A screenshot of PyCharm showing how to rename a function by refactoring.
Renaming the function by refactoring.

Image source: Edlitera

As I change the function's name at the top of my code, later uses of the same function are renamed in real-time. For instance, this is how it looks like while I type:

A screenshot of the code. The renamed function is highlighted.
Refactoring changes all instances of the function’s name in real-time.

Image source: Edlitera

This effect of rippling changes is extremely useful because it means that I can't run into a situation where I’ve, for example, changed the name of my function in one place in the code but didn't do it in another place.


How to Test Your Code in PyCharm

You can test your code using one of the many frameworks PyCharm offers. Let's use the default framework of PyCharm: the unittest framework. I am going to create a new Python file and call it "rectangle_area_test."

A screenshot showing how to create a new file in PyCharm.
Creating a new Python file.

Image source: Edlitera

Once I’ve created the file, I will implement a rudimentary test using the unittest framework. To keep things simple, I will just try using various combinations of input parameters with my function to see if it produces correct results. 

import unittest

def calculate_rectangle_area(length, width):

    return length * width

class TestCalculateArea(unittest.TestCase):

    def test_calculate_rectangle_area(self):
        self.assertEqual(calculate_rectangle_area(2, 3), 6)
        self.assertEqual(calculate_rectangle_area(4, 4), 16)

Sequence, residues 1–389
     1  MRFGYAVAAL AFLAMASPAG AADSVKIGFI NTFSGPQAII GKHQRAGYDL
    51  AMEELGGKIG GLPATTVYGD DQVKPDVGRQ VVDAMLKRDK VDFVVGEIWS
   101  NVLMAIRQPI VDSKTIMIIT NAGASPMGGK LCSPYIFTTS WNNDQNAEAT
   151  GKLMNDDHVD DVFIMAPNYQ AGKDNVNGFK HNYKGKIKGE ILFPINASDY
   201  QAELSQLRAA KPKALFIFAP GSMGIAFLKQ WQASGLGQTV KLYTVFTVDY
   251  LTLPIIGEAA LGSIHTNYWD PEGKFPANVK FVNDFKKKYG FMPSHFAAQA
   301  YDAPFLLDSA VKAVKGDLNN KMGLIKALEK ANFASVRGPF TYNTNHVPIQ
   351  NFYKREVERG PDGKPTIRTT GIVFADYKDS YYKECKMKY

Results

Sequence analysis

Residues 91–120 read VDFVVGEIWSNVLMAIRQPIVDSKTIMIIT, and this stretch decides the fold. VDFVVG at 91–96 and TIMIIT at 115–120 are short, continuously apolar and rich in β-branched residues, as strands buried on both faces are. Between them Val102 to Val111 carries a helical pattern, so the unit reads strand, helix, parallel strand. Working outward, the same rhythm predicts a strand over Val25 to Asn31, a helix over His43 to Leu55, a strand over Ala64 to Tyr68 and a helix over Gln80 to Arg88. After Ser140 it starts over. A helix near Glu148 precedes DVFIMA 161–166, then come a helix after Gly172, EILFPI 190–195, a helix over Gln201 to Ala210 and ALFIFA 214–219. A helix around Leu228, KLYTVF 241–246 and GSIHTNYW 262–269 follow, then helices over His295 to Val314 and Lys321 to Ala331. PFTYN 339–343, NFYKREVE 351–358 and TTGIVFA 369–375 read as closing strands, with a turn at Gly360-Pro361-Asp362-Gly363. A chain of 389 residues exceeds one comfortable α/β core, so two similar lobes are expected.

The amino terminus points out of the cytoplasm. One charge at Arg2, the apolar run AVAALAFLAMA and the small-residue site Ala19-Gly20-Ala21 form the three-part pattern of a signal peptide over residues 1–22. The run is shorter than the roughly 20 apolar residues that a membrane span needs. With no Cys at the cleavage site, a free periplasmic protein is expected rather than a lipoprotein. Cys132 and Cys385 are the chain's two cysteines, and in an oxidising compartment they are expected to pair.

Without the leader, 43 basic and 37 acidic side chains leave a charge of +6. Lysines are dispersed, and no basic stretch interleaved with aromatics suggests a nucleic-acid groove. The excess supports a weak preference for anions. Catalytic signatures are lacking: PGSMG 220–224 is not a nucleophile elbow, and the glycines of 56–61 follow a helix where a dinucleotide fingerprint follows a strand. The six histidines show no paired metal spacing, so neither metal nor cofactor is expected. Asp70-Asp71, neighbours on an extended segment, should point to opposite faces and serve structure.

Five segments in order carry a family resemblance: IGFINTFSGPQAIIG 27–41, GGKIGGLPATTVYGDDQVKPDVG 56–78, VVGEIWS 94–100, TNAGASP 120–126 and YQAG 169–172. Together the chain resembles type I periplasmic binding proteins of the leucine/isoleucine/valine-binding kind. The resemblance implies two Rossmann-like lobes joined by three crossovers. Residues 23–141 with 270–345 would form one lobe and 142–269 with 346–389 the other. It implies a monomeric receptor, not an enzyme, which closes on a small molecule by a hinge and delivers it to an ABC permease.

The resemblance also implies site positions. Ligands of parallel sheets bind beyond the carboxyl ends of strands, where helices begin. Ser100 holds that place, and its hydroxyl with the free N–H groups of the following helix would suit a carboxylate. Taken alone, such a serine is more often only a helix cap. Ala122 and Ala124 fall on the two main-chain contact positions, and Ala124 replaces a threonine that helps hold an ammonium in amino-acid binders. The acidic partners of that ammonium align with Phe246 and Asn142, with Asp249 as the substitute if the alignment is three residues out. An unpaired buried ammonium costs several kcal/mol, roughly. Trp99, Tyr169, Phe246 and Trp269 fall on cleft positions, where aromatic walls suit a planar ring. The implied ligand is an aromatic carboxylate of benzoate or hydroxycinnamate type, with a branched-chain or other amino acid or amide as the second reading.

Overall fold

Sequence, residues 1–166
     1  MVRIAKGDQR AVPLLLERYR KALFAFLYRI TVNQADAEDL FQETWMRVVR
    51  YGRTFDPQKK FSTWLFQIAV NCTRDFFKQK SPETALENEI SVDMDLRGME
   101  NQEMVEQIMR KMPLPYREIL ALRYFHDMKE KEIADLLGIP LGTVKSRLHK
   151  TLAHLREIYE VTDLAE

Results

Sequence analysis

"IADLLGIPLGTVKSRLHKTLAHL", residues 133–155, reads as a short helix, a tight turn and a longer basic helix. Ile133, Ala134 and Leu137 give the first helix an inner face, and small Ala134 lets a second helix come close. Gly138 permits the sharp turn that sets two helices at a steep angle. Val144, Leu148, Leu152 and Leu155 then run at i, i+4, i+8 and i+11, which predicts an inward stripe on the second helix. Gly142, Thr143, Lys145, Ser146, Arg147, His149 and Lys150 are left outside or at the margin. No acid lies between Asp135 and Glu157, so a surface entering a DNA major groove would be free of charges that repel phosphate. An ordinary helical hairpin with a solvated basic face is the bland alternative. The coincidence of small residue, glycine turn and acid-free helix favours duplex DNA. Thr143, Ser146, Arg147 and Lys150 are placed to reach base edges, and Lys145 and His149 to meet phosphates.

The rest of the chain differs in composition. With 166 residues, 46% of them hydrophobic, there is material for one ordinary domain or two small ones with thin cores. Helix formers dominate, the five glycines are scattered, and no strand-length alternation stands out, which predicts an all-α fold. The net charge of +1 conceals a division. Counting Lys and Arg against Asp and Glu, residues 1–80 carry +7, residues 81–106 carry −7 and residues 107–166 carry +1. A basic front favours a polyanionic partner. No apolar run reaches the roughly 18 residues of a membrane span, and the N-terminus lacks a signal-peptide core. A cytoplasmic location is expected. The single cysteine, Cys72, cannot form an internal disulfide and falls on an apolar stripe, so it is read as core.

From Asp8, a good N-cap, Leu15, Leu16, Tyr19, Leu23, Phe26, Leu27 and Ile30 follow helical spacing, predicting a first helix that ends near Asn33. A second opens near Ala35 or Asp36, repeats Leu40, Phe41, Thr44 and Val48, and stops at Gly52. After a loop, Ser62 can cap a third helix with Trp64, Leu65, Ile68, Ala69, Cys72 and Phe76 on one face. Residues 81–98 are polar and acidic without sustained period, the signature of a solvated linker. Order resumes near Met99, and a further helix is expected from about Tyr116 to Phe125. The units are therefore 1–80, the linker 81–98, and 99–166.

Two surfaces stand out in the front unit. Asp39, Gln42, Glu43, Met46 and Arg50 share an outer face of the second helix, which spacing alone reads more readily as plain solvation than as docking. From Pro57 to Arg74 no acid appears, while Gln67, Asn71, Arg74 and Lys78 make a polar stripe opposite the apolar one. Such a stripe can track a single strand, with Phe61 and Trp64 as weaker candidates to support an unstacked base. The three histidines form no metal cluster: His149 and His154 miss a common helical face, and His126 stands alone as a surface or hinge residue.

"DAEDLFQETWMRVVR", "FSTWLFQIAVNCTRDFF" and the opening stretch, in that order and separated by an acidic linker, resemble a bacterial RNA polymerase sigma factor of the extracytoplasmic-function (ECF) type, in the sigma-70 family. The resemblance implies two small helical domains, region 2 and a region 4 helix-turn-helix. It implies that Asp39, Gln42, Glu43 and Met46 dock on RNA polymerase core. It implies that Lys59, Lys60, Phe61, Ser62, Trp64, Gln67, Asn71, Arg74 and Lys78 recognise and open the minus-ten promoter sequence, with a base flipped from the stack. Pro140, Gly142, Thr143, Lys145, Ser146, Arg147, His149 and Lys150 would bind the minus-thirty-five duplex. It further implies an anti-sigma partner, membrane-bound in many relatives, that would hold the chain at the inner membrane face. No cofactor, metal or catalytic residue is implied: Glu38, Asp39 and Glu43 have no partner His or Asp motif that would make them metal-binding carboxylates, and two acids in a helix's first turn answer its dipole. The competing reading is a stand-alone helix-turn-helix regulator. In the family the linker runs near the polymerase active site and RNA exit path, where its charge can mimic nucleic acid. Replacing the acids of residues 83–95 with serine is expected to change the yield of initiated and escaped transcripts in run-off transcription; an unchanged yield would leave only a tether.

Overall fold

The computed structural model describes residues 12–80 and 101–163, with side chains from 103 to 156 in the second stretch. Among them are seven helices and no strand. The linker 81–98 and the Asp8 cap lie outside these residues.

self.assertEqual(calculate_rectangle_area(5, 2), 10)
        self.assertEqual(calculate_rectangle_area(0, 3), 0)
        self.assertEqual(calculate_rectangle_area(3, 0), 0)

One thing you will notice here is that I am not adding the following line to my code:

if __name__ == '__main__': unittest.main()

This line is often used in Python test scripts to ensure the tests are run when the script is executed directly. Essentially, it makes sure the script is run as the main program and not being imported as a module into another script. If the script is the main program, it will run the tests contained in the script. I am not using it here because PyCharm has a test runner that allows you to run tests. When you create a test, it will display a small "Play" button next to it that allows you to run that test:

A screenshot showing how to run a test on PyCharm.
Running a test on Pycharm.

Image source: Edlitera

When you click on the small "Play" button on the line where the test class definition starts, it will not only allow you to run the test but also debug it if you want to:

A screenshot showing how to debug code while testing it in PyCharm.
You can debug your code along with testing it.

Image source: Edlitera

After running the test, my results will be displayed in the Run tool window, where I can see that the test didn't run into any problems and my function works fine.

A screenshot displaying the results of the test.
The results of the test are displayed in the Run tool window.

Image source: Edlitera

In this article, I’ve introduced you to all the essential features of PyCharm so you can get started with it. As you keep using PyCharm, you’ll discover more complex functionalities, such as version control. With the previous article in this series, you should have all the knowledge you need to begin using PyCharm as your go-to Python IDE.